The short U.S. Navy training film Submarine Salvage shows the process Navy salvage crews use to retrieve sunken submarines. USS Hoist ARS-40 is shown in operation in the film. The submarine shown being salvaged appears to be a WWII boat; the techniques shown probably would not work with a modern submarine due to the size of these vessels.
The film begins with a submarine sinking and the rescue of the ship’s survivors. Rescuing survivors is the only goal immediately following the sinking of a submarine. Once all survivors are rescued, the Navy’s next objective is salvaging the ship (02:23). Specialized equipment is used by salvage forces (02:45); however, depending on the operation, different equipment and methods are required for a successful salvage operation. Regardless of the various factors, three basic principles or steps are consistent for salvaging submarines: prepare a salvage plan, rig for lift, and execute lift. The first, prepare a salvage plan, includes evaluating the environment, choosing an appropriate lifting method, and determining the required lifting force. Officers gather information they need to formulate their salvage plan, operating out of the shipyard where the sunken submarine was built (03:41), giving them access to the engineering plans and other details of the ship. The ocean bottom is taken into account as the ocean environment is examined. Depth plays a role as to what divers can accomplish, and weather is also a factor that must be considered. Planners must also know the state of submarine, which comes from interviews with survivors and communication records from the ship. Shipyard managers assist the planners in what needs to be done to make the sub airtight, if possible. A diver is then sent down (06:24) to survey the ship and gather on-the-spot information, most importantly whether the hull is partially buried or not. This allows for planners to determine the lifting method. The different lifting methods are: patch and pump (07:41), pontooning (08:30), self-lift, and lift ship (08:55). Patch and pump is the most common, but it requires the most diver time. Pontooning is the only practical way to lift in deep waters (up to max depths of 300 feet). Lift ship is usually only performed in shallow water. Depth and time requirements determine which method should be used. Lifting force (09:57) involves taking into account displacement and mud suction to calculate the lifting force required to raise the sub. The salvage ship moves out to prepare to raise the sub (11:06). The second step is to rig the sub for lift by placing wires under the hull. Sometimes tunneling is required to accomplish this. Divers can also set wires via lancing. A chain sling (13:38) is used to cradle the sub during lift. Prior to the lift, the sub is made to accommodate as much self-lift as possible. Divers prepare by rehearsing each step and conducting every test necessary on a sister ship (15:40) so they will know exactly what to look for and do. The third step is executing the lift (16:56), which can be done by raising with pontoons, by liftship (stern lift or bellylift), or by self-lift. Pontoons are moved into the water in preparation for lift (17:08). The submarine is gradually lifted over several stages of lifting to shallower depths. Lifting ships, such as YHLCs (19:16), the Navy’s heavy lift ships, can be used to pick up a sub. This must be done in pairs, and can lift via a bellylift or a stern lift. The submarine is lifted to the surface (28:06) during the salvage operation using a pontoon lift. Though the Navy’s increase in submarines comes with an increase in accidental sinking, well-planned salvage operations make it possible to retrieve sunken submarines and minimize Navy losses.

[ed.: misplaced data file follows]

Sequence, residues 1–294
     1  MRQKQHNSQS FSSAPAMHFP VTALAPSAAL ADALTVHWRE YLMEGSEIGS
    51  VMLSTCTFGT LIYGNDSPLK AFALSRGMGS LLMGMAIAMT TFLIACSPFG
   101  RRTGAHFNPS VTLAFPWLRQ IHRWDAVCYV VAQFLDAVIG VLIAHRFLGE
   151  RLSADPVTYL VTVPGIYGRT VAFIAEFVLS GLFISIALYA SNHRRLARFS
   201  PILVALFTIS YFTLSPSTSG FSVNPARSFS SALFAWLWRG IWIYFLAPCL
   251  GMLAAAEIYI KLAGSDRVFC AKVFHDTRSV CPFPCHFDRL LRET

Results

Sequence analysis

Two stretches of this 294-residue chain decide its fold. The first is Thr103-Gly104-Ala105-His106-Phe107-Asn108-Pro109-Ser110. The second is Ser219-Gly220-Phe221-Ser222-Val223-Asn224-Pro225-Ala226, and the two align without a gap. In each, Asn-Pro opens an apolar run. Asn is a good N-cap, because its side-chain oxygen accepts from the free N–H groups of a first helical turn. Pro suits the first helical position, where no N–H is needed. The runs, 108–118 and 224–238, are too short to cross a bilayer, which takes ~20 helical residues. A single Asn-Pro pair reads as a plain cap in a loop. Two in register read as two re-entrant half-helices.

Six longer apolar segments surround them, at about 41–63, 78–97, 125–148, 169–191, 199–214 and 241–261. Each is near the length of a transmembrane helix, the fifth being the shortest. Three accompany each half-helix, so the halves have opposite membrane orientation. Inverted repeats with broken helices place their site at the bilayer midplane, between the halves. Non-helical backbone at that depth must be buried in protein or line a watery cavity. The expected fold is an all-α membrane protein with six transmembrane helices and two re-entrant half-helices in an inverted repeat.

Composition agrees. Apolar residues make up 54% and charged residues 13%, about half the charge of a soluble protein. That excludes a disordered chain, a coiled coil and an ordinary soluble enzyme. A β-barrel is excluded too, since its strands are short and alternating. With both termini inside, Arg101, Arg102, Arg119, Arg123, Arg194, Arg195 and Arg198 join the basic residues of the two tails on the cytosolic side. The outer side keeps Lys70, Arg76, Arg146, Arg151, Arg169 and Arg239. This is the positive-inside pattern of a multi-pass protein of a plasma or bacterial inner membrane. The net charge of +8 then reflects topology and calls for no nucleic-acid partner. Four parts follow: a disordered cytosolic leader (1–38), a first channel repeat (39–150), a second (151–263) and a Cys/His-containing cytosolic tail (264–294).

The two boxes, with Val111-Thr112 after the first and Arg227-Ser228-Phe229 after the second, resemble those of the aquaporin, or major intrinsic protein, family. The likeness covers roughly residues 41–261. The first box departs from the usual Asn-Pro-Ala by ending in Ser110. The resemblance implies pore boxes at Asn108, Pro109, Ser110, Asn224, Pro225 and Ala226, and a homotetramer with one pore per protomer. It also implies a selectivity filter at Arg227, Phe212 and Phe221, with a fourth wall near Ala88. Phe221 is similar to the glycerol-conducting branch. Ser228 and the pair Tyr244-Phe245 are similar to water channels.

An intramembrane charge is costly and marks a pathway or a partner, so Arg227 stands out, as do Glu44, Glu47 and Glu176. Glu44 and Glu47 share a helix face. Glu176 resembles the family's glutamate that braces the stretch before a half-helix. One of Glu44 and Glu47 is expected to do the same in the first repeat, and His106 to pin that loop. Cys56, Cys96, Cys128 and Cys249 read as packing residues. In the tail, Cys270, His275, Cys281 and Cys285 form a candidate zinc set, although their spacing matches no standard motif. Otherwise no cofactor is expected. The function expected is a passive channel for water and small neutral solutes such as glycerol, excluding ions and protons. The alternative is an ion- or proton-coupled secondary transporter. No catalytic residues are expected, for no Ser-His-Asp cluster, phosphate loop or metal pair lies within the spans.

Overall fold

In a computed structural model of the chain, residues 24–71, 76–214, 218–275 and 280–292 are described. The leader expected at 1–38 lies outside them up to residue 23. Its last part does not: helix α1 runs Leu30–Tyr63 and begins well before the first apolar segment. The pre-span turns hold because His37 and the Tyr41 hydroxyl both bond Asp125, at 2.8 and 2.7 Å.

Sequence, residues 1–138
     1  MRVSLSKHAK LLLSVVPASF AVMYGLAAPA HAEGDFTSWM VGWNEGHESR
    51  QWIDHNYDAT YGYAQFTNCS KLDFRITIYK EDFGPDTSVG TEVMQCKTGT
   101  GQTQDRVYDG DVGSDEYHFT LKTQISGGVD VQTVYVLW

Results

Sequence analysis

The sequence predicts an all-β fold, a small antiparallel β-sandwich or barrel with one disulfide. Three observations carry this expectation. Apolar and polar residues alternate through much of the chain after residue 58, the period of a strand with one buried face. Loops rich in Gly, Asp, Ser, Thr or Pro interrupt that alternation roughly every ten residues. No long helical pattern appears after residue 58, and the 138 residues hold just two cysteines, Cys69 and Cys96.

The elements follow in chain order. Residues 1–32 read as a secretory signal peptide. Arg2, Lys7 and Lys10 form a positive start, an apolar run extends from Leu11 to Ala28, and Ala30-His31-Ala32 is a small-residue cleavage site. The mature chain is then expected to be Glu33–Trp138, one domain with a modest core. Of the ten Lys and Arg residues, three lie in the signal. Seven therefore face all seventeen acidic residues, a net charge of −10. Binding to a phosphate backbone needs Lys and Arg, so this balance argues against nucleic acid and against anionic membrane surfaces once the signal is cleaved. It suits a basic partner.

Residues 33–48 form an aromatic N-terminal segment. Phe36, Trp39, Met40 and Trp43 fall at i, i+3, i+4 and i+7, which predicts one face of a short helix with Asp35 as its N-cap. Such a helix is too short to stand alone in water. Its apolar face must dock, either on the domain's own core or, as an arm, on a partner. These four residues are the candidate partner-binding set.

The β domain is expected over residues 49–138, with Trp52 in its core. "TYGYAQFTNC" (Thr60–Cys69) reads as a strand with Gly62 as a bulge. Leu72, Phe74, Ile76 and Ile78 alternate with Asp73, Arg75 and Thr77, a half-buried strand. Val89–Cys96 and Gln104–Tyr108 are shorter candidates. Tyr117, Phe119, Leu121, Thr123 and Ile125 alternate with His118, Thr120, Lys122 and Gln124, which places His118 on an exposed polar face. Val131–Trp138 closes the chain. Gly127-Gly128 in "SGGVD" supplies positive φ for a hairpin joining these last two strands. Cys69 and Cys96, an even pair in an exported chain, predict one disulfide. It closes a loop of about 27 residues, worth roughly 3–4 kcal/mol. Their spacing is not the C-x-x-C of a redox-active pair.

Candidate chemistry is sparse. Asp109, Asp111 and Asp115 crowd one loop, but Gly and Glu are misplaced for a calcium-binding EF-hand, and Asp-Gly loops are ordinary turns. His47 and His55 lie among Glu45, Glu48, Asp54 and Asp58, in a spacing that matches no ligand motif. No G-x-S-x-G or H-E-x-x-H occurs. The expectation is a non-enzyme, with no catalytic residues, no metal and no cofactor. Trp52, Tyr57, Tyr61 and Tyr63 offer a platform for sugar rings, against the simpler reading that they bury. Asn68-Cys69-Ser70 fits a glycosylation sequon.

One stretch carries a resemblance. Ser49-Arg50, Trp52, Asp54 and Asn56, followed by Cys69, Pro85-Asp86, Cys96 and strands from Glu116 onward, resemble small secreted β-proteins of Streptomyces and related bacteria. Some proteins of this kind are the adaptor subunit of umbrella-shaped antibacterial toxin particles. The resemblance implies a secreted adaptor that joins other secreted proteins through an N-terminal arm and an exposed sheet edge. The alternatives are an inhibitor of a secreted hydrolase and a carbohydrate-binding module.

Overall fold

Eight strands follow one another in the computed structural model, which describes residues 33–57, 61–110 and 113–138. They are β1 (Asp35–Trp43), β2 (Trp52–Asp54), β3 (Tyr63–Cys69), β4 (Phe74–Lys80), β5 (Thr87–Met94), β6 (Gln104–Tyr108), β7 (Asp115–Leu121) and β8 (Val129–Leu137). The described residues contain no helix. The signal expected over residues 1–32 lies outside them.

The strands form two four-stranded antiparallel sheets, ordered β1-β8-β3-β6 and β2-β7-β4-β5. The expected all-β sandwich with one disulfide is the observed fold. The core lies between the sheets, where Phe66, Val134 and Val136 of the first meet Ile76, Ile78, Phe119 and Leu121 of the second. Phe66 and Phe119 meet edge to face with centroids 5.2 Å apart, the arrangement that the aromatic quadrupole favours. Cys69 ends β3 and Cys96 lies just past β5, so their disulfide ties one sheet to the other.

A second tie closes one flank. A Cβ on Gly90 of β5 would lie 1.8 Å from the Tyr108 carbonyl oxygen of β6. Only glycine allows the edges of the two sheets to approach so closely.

USS Hoist (ARS-40) was a Bolster-class rescue and salvage ship acquired by the United States Navy during World War II. Its task was to come to the aid of stricken vessels. Hoist was launched 31 March 1945 by the Basalt Rock Company shipyard near Napa, California; sponsored by Mrs. William E. Howard; and commissioned 21 July 1945, Lt. Cmdr. R. M. Brunner in command.
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